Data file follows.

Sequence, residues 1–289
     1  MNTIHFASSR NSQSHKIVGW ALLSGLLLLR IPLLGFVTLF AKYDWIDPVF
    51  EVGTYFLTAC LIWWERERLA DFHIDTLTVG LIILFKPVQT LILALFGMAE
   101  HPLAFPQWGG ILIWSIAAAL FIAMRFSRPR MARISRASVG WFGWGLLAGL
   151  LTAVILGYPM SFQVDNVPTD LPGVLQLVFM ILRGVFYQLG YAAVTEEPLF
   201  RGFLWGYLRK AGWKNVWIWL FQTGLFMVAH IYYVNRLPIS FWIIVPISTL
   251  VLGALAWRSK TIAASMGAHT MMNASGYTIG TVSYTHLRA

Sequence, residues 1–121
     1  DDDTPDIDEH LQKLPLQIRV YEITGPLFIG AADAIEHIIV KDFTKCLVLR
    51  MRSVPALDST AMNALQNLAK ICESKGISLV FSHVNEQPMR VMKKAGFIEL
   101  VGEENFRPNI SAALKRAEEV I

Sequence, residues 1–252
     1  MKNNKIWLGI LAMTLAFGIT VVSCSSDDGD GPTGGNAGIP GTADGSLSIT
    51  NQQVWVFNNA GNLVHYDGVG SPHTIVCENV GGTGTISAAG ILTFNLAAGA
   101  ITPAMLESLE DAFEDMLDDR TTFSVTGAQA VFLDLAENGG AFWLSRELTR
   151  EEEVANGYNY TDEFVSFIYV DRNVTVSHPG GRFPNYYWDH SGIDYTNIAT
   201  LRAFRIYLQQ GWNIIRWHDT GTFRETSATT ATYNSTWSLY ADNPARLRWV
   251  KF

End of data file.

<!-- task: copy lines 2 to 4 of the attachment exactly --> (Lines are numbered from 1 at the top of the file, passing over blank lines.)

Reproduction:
     1  MNTIHFASSR NSQSHKIVGW ALLSGLLLLR IPLLGFVTLF AKYDWIDPVF
    51  EVGTYFLTAC LIWWERERLA DFHIDTLTVG LIILFKPVQT LILALFGMAE
   101  HPLAFPQWGG ILIWSIAAAL FIAMRFSRPR MARISRASVG WFGWGLLAGL